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Voter ID measure heads to ballot for Arizonans to decide

Arizona voters will decide in November whether to change the state’s voter identification laws. On Monday, the Republican-controlled House joined the Senate in passing a measure that would tack on more requirements for early voting and vote by mail. Republican John Kavanagh says the measure seeks to close loopholes and protect voters’ ballots and information.

“This simply closes that weak link by simply requiring the person to put other information that somebody stealing their ballot might not be privy to," Kavanagh said. "Specifically, the driver’s license or non-driver ID number, and the last four digits of [the] Social Security number.”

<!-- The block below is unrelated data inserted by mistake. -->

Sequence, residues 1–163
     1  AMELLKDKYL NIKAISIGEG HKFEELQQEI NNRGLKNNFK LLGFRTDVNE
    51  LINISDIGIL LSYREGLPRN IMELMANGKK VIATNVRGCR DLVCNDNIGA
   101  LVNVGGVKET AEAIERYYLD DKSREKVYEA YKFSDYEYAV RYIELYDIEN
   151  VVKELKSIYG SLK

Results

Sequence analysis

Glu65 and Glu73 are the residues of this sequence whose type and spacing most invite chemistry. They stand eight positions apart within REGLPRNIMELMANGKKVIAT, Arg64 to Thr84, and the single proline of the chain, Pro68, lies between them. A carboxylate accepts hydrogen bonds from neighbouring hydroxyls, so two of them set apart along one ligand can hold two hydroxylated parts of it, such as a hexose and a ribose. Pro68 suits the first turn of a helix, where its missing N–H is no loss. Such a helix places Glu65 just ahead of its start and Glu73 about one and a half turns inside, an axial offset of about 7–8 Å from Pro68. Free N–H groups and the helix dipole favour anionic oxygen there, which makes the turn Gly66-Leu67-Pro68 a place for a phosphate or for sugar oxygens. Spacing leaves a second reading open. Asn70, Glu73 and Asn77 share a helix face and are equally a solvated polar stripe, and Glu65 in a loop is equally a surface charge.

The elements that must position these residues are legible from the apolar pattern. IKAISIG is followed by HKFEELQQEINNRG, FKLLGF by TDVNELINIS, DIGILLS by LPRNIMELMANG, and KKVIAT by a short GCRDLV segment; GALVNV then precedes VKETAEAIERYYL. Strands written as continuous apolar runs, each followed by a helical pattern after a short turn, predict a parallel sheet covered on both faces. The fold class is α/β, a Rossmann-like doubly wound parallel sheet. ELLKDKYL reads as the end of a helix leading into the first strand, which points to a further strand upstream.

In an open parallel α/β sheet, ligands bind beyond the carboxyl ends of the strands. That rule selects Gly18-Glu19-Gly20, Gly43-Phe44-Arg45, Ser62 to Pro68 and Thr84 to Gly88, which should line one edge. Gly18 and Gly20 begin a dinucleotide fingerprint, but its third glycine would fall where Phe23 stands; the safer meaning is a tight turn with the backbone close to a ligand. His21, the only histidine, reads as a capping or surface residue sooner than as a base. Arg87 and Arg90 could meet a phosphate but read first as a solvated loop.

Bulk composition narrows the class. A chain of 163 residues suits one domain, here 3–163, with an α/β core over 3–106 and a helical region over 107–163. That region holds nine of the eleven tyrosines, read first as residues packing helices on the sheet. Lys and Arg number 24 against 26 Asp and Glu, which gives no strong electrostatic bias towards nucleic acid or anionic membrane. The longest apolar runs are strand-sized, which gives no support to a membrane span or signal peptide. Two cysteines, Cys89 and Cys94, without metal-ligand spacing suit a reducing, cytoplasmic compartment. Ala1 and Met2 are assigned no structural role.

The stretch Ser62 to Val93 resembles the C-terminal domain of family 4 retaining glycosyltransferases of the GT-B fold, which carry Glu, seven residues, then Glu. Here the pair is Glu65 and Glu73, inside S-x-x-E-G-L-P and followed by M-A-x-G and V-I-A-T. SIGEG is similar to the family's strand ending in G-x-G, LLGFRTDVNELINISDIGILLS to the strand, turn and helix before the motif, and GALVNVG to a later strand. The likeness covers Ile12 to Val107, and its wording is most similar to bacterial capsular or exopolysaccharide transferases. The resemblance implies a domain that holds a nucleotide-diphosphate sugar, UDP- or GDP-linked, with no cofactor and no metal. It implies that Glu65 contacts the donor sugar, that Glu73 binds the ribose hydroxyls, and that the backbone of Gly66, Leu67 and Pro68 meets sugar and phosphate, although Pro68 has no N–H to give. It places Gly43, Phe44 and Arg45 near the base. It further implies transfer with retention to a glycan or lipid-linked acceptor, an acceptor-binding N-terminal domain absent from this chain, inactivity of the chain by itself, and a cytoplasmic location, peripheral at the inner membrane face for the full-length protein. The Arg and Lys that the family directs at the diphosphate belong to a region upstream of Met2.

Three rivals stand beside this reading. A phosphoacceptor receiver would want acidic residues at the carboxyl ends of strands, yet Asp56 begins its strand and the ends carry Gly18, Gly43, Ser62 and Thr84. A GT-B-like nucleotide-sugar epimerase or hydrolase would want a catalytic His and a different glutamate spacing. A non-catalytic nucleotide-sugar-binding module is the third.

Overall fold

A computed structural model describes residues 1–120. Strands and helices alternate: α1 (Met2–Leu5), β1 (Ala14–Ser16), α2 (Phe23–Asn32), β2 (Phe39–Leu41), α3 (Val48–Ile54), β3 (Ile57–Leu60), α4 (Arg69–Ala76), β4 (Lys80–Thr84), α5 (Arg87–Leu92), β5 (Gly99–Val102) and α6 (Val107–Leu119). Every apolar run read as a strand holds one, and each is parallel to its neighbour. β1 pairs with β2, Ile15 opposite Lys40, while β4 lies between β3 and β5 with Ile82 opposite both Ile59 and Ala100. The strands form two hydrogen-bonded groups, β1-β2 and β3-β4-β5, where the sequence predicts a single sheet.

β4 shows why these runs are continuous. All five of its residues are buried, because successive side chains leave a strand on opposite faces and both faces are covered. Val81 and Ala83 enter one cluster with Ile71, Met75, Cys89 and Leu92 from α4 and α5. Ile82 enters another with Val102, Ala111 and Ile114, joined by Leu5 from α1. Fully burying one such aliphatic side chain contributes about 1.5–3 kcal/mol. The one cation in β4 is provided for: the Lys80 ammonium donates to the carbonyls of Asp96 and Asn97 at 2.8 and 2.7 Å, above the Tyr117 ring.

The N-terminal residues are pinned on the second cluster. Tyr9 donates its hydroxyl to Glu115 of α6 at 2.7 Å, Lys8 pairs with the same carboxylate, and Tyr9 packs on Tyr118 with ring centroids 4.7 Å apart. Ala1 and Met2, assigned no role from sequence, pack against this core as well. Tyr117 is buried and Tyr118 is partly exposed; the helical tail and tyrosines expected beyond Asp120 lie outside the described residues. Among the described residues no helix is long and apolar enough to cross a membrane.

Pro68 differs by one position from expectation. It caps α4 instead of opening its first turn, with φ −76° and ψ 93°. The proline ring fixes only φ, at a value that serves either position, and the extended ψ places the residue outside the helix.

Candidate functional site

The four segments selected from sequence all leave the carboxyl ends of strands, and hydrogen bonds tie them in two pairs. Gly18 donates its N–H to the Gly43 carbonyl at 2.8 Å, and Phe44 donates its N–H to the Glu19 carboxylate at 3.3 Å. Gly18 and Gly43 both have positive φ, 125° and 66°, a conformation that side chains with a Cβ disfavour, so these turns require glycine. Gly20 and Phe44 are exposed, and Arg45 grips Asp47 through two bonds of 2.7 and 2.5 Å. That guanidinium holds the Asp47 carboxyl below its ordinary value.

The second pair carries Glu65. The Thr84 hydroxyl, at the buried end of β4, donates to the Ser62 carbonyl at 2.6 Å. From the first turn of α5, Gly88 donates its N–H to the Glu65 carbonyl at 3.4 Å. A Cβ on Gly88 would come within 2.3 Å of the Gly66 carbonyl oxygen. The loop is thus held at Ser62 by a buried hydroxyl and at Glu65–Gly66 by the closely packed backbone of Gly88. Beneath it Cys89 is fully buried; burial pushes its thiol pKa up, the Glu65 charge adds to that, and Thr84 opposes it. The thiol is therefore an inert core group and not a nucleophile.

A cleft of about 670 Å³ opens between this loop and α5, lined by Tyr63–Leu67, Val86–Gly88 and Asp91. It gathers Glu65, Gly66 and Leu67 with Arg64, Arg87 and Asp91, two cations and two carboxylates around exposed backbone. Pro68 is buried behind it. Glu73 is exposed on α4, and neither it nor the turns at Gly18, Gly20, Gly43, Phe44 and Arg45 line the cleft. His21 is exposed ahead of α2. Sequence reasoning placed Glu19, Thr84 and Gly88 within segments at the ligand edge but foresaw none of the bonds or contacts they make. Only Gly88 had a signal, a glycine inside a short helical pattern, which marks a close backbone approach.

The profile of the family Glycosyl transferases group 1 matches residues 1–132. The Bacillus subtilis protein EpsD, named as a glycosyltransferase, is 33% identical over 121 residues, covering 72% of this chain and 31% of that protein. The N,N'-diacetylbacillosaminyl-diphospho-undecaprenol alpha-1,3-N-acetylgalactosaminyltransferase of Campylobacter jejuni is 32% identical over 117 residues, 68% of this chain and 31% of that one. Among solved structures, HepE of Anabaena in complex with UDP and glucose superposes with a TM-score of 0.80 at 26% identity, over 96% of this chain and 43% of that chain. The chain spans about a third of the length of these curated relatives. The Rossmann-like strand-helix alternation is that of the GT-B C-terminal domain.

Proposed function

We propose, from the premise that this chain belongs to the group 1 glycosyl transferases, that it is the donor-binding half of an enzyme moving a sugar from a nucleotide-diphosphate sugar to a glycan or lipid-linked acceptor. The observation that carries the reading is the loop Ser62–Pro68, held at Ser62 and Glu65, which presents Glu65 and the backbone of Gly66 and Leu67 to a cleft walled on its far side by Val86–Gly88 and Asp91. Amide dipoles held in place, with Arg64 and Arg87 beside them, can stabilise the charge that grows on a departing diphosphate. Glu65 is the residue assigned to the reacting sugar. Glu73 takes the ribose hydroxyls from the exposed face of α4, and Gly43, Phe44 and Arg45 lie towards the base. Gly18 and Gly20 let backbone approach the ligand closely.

"I don’t see what’s wrong with this. I really don’t," fellow Republican Walter Blackman said. He too voted in favor of the measure. "All it’s doing is protecting our elections and the process."

Arizona already has some of the strictest voter-ID laws in the United States, which is why opponents say the measure is unnecessary. Democrat Mitzi Epstein says it’s not about protecting ballots.

"We respect and appreciate voter ID laws," Epstein said. "But this is barrier, after hoop, after lava pit, after problem, after more barriers. This is voter suppression."

Democrats say Republican, Libertarian and Democratic ballots alike are at-risk of being corrupted. If passed by voters in November, the requirements would take effect once the results were finalized.

Nick Sanchez is a senior producer for KJZZ's The Show. He joined the station as an intern during the spring of 2022, where he developed a passion for audio storytelling in the Valley.